New safety officers on patrol.
Eight new transport safety officers (TSOs) are now out on patrol tackling anti-social behaviour across the region’s bus network.
The specially trained officers are deployed to deal with low-level nuisance, disorder and anti-social behaviour targeting routes and locations based on reports received from transport staff or the general public.
They have been added to the team of three TSOs who were appointed in 2021, and have the powers to issue fixed penalty fines for behaviour such as smoking, littering, disorder, vandalism and throwing fireworks.
The new officers have been assigned to the West Midlands Safer Travel Partnership, a collaboration between Transport for the West Midlands (TfWM), West Midlands Police and the British Transport Police, and work alongside police officers and police community support officers covering the bus, tram and rail networks.
Funding for the team has come from the £88 million Bus Service Improvement Plan grant awarded to TfWM, part of the West Midlands Combined Authority (WMCA) by Government last year.
The Safer Travel Partnership stresses that according to the latest data there were just 1.9 crimes reported for every 100,000 bus journeys in December 2022.
Andy Street, Mayor of the West Midlands and WMCA Chair, said: “We want local people right across our region to feel comfortable when using our public transport network. That’s why I’m pleased to welcome eight new Transport Safety Officers on board – an important investment in our Safer Travel team that will provide visibility and added reassurance.
“I wish these new officers well and I look forward to bus passengers continuing to enjoy safe surroundings when they make their journeys.
“This investment in safety was of course made possible thanks to the Bus Service Improvement Plan funding we secured which has also enabled us to take steps to make our bus services more attractive to passengers and build our services back up to pre-Covid levels. We’ve already announced a fare freeze until 2025 to help ease cost of living pressures and have further proposals in the pipeline.”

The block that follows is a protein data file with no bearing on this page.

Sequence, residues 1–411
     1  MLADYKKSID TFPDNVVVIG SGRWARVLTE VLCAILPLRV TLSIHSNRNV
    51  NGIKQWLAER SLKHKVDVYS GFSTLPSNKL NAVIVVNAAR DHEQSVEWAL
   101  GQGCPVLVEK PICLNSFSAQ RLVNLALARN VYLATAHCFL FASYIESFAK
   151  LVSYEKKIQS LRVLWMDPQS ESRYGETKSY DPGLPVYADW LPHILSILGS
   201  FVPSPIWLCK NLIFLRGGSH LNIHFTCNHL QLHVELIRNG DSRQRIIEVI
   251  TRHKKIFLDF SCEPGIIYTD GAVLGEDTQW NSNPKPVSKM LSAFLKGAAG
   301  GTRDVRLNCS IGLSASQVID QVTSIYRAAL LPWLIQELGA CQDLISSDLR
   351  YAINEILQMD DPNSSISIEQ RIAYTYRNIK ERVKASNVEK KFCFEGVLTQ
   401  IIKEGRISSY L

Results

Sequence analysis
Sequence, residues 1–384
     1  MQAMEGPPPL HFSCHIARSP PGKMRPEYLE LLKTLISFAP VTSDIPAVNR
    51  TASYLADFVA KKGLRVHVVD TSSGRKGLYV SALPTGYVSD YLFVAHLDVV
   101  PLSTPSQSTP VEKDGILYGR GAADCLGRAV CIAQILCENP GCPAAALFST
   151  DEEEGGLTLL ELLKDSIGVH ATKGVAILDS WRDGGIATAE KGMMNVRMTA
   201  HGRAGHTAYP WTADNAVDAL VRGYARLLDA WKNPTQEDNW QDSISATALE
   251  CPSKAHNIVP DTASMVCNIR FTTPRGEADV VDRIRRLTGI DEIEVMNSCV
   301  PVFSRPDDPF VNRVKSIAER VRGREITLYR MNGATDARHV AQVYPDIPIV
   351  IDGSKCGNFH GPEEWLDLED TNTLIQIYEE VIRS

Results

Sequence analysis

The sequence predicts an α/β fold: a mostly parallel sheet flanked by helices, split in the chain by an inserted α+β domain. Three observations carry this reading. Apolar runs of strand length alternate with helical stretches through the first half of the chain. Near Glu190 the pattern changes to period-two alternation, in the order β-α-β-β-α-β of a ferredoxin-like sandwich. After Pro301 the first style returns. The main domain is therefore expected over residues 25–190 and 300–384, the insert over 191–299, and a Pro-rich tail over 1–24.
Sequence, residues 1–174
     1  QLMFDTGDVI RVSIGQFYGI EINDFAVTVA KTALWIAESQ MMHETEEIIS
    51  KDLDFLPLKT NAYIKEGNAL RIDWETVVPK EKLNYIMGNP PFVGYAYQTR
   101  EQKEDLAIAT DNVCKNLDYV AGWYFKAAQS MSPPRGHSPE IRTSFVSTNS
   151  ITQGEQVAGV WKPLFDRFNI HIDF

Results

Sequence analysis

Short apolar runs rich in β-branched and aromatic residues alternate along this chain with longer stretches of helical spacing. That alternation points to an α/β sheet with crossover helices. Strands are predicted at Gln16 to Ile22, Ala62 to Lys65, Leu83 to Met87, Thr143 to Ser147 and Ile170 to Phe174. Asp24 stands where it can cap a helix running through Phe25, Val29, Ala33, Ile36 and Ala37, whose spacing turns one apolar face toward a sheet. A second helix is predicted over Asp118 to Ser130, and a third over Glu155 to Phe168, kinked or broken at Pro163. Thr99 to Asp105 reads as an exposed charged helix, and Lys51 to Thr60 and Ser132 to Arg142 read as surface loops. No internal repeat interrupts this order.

The TSOs have been trained under the Community Safety Accreditation Scheme (CSAS) and use a three Es approach of engage, educate and finally enforce when dealing with antisocial behaviour.
The West Midlands Police and Crime Commissioner, Simon Foster, said: “I’m very pleased to see 8 new uniformed officers are now out and about, helping to prevent and tackle crime and anti-social behaviour on our buses.
“The overwhelming majority of journeys on public transport in our region pass without incident, but it’s important that we’re not complacent and that safety and security are our top priority.
“We need far more people to be travelling by bus and this investment is a positive step in the right direction.”
The first three TSOs were appointed for a pilot project in 2021, so the eight new officers bring the total to 11.
During December, after the team started, they had 9,258 recorded interactions with the public on transport and issued 331 verbal warnings during almost 1,500 hours on patrol.
In one incident a young woman on Metro was able to seek assurance after being made to feel uncomfortable by a fellow passenger. She approached the TSO and asked for help with a ticket, while showing her phone screen with a discreet message explaining she had received inappropriate advance. The TSO was able to support the woman and deter further unwanted behaviour.